Prime Minister David Cameron has told MP’s that a Brexit from the EU could, “hurt working people for years to come” leading to the country taking a “leap into the dark” after the referendum on 23rd June.
He outlined that in the event of a vote to leave the EU, exit talks would begin immediately with the instigation of Article 50 in all treaties, which allows for a country to leave. Once instigated, the negotiations around the circumstances for a country’s exit can take up to two years, but, unless there is agreement by other member states, if negotiations aren’t successful, the UK would leave the EU automatically with no further room to negotiate.
Likening the process to a divorce, he warned, “I know of many couples who have started divorce proceedings, but none who have started divorce proceedings to renew their vows”, highlighting that there would be no way back under different terms once exit was finalised.
Mr Cameron said that the UK would be, “safer and stronger” as a result of the renegotiated deal. He said that it was better for the UK to negotiate it’s position on treaties from within the EU than have them imposed as an outsider. Regarding national security, he said with the increased threats from IS, amongst others, that, “this was no time to divide the West”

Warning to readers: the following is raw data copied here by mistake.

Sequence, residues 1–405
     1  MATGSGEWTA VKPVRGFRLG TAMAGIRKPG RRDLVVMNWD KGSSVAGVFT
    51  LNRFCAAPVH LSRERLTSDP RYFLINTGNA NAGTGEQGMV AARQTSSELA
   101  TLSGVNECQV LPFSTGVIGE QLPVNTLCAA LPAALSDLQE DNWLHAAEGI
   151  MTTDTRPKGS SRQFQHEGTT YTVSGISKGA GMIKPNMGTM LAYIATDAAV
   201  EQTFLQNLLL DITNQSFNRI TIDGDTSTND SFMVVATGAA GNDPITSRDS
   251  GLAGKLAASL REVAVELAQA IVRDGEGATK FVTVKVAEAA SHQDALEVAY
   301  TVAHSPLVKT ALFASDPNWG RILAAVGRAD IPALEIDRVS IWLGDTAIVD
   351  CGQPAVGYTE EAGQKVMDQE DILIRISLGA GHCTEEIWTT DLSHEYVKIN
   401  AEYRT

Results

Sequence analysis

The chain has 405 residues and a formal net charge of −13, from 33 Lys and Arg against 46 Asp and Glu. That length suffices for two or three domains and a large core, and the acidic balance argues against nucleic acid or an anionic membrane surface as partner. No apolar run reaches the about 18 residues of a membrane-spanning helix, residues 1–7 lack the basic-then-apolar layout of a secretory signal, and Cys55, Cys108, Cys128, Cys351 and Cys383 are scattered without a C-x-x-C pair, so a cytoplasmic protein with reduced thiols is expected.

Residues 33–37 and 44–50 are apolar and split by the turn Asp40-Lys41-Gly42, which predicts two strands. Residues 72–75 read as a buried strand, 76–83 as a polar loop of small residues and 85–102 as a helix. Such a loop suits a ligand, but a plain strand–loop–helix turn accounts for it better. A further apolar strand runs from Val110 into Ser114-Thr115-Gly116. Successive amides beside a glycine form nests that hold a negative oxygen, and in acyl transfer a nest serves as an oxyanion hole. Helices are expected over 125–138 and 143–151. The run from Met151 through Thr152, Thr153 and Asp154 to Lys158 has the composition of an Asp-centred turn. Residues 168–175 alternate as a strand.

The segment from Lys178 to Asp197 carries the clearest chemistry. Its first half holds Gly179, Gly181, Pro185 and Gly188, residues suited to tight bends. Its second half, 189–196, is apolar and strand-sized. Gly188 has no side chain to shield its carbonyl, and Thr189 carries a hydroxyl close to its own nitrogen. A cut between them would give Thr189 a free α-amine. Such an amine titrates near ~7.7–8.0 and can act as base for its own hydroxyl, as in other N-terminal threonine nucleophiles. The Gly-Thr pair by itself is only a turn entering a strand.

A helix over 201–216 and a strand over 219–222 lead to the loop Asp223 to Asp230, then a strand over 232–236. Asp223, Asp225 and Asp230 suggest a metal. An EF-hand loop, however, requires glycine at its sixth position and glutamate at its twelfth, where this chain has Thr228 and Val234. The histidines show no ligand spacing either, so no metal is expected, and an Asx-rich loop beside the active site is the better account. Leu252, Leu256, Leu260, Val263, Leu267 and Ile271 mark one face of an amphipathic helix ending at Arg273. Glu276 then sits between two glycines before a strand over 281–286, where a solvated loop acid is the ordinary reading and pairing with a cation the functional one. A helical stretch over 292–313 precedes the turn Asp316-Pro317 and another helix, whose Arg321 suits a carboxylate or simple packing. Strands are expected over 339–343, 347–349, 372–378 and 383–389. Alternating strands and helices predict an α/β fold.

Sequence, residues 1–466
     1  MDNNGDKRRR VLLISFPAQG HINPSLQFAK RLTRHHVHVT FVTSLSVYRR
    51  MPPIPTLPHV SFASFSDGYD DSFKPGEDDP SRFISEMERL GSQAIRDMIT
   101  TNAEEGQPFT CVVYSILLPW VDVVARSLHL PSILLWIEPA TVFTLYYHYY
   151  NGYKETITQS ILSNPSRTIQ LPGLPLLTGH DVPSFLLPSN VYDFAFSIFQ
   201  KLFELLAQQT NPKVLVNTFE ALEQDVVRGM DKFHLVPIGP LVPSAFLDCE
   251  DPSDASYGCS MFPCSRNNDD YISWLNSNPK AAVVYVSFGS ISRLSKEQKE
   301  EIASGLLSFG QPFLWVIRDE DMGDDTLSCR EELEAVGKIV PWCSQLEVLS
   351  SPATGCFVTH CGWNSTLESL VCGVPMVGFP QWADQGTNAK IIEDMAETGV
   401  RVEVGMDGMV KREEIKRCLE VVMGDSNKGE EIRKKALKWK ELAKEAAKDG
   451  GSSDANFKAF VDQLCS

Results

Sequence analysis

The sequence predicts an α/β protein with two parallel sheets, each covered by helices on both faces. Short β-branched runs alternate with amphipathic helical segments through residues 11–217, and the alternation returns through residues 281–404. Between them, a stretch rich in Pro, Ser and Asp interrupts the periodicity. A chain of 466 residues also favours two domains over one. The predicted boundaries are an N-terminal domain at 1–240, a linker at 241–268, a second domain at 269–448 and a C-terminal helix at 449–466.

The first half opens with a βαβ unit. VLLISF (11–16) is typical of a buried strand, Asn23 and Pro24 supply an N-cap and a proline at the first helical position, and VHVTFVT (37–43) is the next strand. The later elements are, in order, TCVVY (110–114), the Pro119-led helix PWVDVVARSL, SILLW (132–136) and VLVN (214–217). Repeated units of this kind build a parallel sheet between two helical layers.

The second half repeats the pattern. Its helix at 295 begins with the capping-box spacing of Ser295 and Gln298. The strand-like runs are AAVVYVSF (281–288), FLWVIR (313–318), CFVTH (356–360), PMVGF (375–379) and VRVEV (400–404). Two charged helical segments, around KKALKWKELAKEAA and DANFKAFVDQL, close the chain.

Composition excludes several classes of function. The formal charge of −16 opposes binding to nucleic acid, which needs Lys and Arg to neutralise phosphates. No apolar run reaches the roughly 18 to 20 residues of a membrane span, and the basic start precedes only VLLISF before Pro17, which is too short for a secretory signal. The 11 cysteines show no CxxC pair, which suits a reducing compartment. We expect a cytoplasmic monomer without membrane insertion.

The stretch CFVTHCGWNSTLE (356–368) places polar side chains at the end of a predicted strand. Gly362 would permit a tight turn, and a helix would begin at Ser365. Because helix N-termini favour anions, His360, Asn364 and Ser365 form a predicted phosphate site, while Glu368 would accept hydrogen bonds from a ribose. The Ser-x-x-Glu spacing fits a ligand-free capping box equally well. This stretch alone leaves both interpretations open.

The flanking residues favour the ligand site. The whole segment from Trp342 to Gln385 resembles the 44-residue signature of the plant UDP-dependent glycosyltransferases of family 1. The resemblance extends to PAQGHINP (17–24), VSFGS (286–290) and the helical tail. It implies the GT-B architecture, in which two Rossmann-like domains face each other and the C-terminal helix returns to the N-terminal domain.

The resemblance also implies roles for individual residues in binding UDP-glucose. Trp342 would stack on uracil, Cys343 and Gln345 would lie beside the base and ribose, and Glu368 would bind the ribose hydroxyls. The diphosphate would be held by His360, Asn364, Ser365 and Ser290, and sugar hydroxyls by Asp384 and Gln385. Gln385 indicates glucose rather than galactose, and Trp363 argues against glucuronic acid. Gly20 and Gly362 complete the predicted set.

Mr Cameron added that, although the decision to remain within the EU was purely down to the British public, it was only sensible to take advise from other nations, remarking that many of the UK’s major trading partners such as India, China and the US would be concerned and shocked at a decision to leave the EU, with, “only Vladimir Putin” being happy at an exit.
However, from a trading and business perspective, concerns may be raised by those opposed to the controversial TTIP, when Mr Cameron said that the sooner this deal was signed the better.
He reiterated that he would not be standing for re-election, and said, of the deal with the EU, “I have no agenda other than what is right for the country”
Labour Party leader Jeremy Corbyn, affirmed the commitment of the Labour Party and the Unions to remaining within the EU, and said that the various and complex issues facing the world today can only be tackled with global cooperation.
In a nutshell, the UK’s ‘special status’ within the UK will mean that: